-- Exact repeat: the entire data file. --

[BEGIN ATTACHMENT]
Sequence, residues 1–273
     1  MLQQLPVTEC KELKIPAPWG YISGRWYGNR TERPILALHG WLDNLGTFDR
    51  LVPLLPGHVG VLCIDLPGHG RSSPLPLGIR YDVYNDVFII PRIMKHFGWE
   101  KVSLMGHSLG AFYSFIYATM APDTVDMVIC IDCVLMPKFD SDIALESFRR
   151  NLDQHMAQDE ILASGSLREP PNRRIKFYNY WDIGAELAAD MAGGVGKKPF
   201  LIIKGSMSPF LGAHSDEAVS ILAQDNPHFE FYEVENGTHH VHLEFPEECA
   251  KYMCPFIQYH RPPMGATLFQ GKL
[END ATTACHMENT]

Sequence, residues 1–273
     1  MLQQLPVTEC KELKIPAPWG YISGRWYGNR TERPILALHG WLDNLGTFDR
    51  LVPLLPGHVG VLCIDLPGHG RSSPLPLGIR YDVYNDVFII PRIMKHFGWE
   101  KVSLMGHSLG AFYSFIYATM APDTVDMVIC IDCVLMPKFD SDIALESFRR
   151  NLDQHMAQDE ILASGSLREP PNRRIKFYNY WDIGAELAAD MAGGVGKKPF
   201  LIIKGSMSPF LGAHSDEAVS ILAQDNPHFE FYEVENGTHH VHLEFPEECA
   251  KYMCPFIQYH RPPMGATLFQ GKL